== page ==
Title: Satyr Anapauomenos
Summary: Resting Satyr
Sculptor: Suggested attribution to Praxiteles
Material: Bronze?
Sculpture Type: Free-standing statue
Category: Original/copies
Style: Late Classical
Technique: In-the-round
Original or Copy: Original (lost)
Date: ca. 350 BC
Scale: Life-size
Period: Late Classical

Subject Description: This statue type, restored from over one hundred Roman copies (approximately 1/5 of which are miniatures) was clearly very popular throughout the Roman world. The figures are made recognizable as satyrs by their pointed ears and tails, as well as bestial facial appearances. The image is that of a satyr resting on his straight left leg, with the foot of his bent right leg drawn slightly behind it. A panther skin (a Dionysiac emblem) is generally thrown over the right shoulder, with the paws tied together, drawing the skin diagonally across the front of the satyr's body. The satyr leans his right forearm against a tree trunk. The resulting pose is similar to that of Praxiteles' Hermes and Dionysos from Olympia, and especially the Apollo Sauroktonos, for which reason the Resting Satyr has been attributed to Praxiteles.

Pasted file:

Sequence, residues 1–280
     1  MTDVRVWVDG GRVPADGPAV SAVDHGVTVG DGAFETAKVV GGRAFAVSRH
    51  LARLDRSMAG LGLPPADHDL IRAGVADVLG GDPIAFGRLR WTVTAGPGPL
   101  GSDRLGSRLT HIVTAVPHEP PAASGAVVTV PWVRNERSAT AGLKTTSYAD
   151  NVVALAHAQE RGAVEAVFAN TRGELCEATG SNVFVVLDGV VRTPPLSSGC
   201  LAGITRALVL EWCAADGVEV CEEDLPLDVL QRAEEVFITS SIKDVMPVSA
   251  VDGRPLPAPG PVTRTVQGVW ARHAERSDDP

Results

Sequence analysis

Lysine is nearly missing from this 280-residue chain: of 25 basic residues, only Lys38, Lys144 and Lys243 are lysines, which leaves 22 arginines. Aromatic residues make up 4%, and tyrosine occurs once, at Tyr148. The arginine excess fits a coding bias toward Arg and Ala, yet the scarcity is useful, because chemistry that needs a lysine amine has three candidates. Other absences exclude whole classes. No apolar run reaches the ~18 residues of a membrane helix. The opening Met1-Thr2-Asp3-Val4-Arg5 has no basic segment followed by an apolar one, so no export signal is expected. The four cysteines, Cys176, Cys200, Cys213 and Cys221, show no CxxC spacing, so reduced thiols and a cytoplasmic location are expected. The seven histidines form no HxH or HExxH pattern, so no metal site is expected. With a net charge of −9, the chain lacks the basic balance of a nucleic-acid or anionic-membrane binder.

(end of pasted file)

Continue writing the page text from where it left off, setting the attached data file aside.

Condition: Lost

Sources Used: A. Ajootian in Palagia & Pollitt 1996, 116, n. 125, fig. 66

Other Bibliography: Bartman 1992; Bartman 1984